If Romney’s win in Wisconsin strengthened his claim to the Republican presidential nomination, then his five straight days of campaigning with Ryan amounted to a tryout for the youthful congressman as a potential vice presidential running mate.
Since Ryan endorsed Romney last Friday, he was at the candidate’s side at every turn — introducing him before formal speeches, vouching for him at town hall meetings and joining him as they eyed cherry pie, picked up fried cheese curds and handed out sub sandwiches. (Romney gave away turkey; Ryan, ham and cheese.)
Along the way, Romney’s aides were sizing Ryan up. And although chief strategist Stuart Stevens waved off any talk of the two forming a national ticket as irresponsibly premature, he did say they got along well behind the scenes and noted their “chemistry” on the stump.
To some Republicans, Ryan’s positive attributes are obvious. Where some conservatives see Romney as an ideological squish, they consider Ryan not only a conservative of conviction but one of the movement’s intellectual champions. Where Romney, 65, is a private equity patrician from Boston, Ryan, 42, spent his teenage years living off Social Security benefits in blue-collar Janesville after his father died prematurely of a heart attack.
All year, Romney has struggled to connect with working-class voters, but Ryan showed how he might help as he introduced Romney at a forum Saturday in Pewaukee. Ryan talked casually about having been on “a road to opportunity” when he flipped burgers at a McDonald’s as a teenager, sold bologna — “real bologna, by the way” — for Oscar Mayer and waited tables to help pay back his student loans.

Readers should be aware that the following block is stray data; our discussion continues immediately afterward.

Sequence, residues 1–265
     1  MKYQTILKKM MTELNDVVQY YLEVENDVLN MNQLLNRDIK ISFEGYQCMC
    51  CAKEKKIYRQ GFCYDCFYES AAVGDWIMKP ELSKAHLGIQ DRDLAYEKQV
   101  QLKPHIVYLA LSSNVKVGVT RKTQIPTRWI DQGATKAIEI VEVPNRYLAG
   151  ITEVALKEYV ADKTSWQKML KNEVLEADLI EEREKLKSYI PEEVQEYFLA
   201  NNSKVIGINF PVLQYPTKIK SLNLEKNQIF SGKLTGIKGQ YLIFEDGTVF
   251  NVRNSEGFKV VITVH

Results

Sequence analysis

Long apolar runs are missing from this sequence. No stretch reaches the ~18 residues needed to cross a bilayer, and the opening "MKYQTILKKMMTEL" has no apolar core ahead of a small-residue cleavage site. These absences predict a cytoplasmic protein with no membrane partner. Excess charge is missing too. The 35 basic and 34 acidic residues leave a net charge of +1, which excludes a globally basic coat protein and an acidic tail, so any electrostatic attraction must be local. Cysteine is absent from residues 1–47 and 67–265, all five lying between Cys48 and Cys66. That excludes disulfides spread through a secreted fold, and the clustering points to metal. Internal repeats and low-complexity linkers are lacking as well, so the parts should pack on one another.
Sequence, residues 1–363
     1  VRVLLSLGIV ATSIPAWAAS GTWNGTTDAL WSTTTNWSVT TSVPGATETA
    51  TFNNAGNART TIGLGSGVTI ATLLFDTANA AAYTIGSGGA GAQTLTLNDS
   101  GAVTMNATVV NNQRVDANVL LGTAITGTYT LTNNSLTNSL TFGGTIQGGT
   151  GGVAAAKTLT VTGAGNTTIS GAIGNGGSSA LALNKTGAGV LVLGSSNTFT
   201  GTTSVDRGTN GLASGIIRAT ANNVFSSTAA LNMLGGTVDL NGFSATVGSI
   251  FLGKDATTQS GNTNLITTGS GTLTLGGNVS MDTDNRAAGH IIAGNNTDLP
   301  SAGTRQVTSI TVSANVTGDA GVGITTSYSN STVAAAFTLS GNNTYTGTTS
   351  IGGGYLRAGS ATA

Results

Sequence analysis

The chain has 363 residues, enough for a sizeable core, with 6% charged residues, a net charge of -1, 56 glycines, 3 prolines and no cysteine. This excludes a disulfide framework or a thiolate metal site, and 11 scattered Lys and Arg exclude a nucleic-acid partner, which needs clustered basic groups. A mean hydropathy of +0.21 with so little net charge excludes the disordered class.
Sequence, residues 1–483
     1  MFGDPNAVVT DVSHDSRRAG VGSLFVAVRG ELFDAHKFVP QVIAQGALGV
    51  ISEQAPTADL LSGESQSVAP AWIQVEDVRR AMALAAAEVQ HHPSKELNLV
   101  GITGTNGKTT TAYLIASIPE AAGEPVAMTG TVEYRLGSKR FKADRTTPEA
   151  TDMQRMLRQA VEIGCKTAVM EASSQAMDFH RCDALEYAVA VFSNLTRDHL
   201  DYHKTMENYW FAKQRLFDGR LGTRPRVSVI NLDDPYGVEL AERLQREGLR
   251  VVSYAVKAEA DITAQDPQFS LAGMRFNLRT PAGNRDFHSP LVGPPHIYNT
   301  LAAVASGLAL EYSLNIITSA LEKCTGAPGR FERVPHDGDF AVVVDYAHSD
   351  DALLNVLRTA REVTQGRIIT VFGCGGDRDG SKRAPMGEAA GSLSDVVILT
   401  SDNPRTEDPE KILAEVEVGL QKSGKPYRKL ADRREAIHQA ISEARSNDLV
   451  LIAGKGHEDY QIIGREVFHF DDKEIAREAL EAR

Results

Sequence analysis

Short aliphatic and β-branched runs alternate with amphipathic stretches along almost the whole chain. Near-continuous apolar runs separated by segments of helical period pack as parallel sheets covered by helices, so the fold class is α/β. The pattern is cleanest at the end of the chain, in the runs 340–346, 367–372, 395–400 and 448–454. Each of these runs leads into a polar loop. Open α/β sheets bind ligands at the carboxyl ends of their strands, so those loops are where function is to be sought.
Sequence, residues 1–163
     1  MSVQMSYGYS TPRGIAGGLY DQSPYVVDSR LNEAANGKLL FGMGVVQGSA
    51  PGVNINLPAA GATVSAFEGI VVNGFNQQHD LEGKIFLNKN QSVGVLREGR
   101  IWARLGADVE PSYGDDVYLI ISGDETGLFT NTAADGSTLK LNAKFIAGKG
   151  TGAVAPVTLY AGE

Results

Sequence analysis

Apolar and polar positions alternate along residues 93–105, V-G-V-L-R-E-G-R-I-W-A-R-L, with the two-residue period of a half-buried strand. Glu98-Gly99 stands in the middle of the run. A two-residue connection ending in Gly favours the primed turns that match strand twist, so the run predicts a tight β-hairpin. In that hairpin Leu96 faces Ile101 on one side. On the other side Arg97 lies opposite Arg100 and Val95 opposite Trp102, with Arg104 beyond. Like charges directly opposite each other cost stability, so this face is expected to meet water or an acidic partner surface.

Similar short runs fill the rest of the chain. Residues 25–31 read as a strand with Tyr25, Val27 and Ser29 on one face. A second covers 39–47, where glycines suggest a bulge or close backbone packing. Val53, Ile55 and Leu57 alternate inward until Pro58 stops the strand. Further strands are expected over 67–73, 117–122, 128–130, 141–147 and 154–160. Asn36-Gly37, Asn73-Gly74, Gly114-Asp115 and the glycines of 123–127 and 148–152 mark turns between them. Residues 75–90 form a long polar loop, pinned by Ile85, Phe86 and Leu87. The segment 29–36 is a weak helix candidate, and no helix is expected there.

“Anybody fill up gas lately?” Ryan asked. “I mean, I filled up my truck last night and I couldn’t even get it to full because it cut me off at $100 — the credit card wouldn’t even let me buy any more gas. It’s ridiculous.”
The Romney-Ryan road show did more than stoke the “veepstakes,” Washington’s favorite quadrennial parlor game, however. It also cemented Romney’s embrace of Ryan’s controversial agenda as chairman of the House Budget Committee.
President Obama made clear in a speech Tuesday that he would campaign for reelection against Ryan’s budget proposal and tie Romney to it. Labeling the plan “radical,” Obama said it would pit the poor against the wealthy in a form of “social Darwinism.” The president also mocked Romney for having called the proposal “marvelous.”
On the campaign trail here, Romney has alternately called Ryan “a great leader,” “a wonderful speaker” and “a great man.” After Ryan endorsed him Friday in Appleton, Romney said: “This is a guy who’s willing to stand for something. He didn’t just go to Washington to be seen and to have a little job there. He went to Washington to make a difference.”